It was a Friday, sixteen days before Mount St Helens erupted. Tax season finished 2 days before, so I was likely tidying up files and checking for people who had not yet filed. I might have been looking forward to weekend golf.
What is more important now is what I was not doing.
On 2 May 1980, Berkshire-Hathaway stock was $275.00 per share. I did not buy any.
It was not inexpensive in terms of 1980 purchasing power but affordable. Ten shares would have cost US$ 2,750 plus a brokerage fee. That would have been about $3,300 Canadian dollars.
The signs were that it could be a good investment, It was down slightly from its IPO price six weeks earlier, but the Buffet partnership had enjoyed success and was unlikely to change its approach. I didn’t buy any.
It looks easy now. Ten shares now would bring $5,170,000 US dollars. That’s about $6.5 million Canadian. I didn’t buy any. That’s moderately disturbing.
Looking backwards, it was an easy buy, but foresight is always fuzzy. There is always something else to do that seems more urgent. There is always the fear of the unknown future and the many alternatives for the money.
Backwards viewing says it is an investment that returns 19.8% annually, before taxes. Acceptable to even the greediest among us.
Try to understand why paying attention to yield in the short run has little to do with long-run success. If you look at 90-day yields, you will lose track of the idea that buying a stock is buying a business in partnership with other investors. In 90 days, management doesn’t matter. Over 42 years, it does.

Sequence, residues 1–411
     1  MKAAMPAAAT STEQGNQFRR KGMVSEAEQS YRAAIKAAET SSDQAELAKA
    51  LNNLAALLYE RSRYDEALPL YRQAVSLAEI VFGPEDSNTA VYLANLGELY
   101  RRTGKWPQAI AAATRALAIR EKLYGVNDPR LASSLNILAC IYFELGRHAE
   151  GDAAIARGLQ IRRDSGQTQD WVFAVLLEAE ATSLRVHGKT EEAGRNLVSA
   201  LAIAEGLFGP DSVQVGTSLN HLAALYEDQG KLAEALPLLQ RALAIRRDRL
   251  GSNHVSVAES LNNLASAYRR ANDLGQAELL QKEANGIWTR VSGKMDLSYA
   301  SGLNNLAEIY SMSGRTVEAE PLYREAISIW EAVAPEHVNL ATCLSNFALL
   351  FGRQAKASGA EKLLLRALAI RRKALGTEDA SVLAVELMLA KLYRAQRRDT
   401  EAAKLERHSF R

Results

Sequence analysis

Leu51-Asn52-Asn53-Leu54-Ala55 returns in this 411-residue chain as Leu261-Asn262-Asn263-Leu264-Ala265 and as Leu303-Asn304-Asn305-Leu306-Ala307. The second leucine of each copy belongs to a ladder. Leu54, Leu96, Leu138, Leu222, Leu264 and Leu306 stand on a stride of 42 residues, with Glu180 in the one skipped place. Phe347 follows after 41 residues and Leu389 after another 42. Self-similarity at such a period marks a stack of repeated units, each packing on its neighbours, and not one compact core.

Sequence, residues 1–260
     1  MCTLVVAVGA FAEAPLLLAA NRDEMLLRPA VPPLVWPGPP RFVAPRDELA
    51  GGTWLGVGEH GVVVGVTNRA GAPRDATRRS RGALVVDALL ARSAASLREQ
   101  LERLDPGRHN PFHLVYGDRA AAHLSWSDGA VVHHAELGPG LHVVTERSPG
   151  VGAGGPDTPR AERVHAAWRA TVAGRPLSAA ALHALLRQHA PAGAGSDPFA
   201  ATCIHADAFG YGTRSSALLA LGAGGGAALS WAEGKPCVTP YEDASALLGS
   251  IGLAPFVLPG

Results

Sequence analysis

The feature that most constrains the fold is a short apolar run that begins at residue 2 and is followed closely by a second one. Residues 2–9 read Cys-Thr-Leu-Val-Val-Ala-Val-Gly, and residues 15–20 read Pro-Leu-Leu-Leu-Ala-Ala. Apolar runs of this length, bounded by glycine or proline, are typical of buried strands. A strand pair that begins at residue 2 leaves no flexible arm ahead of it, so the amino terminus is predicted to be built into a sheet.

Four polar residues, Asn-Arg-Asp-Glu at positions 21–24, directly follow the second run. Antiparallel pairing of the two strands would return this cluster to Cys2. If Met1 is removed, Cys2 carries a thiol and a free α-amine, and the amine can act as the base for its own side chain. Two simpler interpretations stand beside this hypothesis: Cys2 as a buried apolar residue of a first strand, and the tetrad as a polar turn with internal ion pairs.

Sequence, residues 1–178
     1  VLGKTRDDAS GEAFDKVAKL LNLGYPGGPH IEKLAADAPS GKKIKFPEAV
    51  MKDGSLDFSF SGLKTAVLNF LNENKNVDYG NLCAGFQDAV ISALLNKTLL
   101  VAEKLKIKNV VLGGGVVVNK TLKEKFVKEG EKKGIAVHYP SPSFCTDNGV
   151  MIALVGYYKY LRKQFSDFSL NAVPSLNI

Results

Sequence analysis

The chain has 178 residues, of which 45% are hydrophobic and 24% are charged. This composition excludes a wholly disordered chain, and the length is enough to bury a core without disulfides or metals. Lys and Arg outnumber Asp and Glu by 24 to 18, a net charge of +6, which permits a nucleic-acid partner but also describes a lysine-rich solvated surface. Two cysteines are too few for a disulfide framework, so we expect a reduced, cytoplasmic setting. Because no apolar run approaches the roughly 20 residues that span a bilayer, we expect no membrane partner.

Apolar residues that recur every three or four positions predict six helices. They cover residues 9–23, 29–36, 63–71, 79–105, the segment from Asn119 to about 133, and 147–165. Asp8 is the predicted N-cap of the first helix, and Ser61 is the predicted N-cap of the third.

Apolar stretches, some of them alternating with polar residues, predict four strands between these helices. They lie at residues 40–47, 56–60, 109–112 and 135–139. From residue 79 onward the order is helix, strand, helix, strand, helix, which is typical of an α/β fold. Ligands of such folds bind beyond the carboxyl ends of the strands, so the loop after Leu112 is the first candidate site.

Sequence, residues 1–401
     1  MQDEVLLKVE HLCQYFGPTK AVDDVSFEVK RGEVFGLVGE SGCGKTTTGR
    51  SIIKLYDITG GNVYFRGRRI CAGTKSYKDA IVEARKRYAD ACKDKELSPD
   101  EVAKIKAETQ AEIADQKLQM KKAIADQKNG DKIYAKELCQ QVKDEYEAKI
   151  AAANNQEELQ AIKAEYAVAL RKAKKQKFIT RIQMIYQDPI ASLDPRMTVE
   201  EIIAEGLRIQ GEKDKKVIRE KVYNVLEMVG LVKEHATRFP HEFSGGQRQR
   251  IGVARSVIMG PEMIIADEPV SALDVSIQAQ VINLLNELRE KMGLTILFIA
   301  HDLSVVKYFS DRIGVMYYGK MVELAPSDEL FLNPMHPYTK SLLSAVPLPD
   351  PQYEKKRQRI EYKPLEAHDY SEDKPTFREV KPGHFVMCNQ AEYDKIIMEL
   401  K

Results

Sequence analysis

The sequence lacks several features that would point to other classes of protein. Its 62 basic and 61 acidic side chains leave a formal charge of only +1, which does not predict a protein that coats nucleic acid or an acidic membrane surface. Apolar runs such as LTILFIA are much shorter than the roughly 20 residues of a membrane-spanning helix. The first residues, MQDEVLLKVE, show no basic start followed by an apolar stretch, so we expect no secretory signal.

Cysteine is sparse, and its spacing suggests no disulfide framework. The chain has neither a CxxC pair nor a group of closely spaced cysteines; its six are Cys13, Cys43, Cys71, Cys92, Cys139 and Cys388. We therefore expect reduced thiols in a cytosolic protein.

If you don’t understand the business and what Buffet calls its “durable competitive advantage,” you stray. You cannot see that by looking at the ticker symbols and today’s price.
Having 42 years to hold the stock is not so easy to manage. There is an advantage to starting young, and that advantage cannot be reacquired once it is lost. Do not carelessly give it up.
Understand why businesses thrive and continue to do so over a long time.
If you don’t or cannot understand the durable competitive advantage, it should go into the too-hard folder. Buffett was criticized for not buying Microsoft. He did not because he didn’t understand it. The continuous reinvention of your product line looked to be not so durable. The year he was seriously criticized for the missing Microsoft stock, he purchased a company that made bricks. Predictable.
A 13-minute Buffet talk with some simple, yet important ideas about stocks. Three fundamentals.included
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I build strategic, fact-based estate and income plans. The plans identify alternate ways to achieve spending and estate distribution goals. In the past, I have been a planner with a large insurance, employee benefits, and investment agency, a partner in a large international public accounting firm, CEO of a software start-up, a partner in an energy management system importer, and briefly in the restaurant business. I have appeared on more than 100 television shows on financial planning. I have presented to organizations as varied as the Canadian Bar Association, The Ontario Institute of Chartered Accountants, The Ontario Ministry of Agriculture and Food, and Banks – from CIBC to the Business Development Bank.
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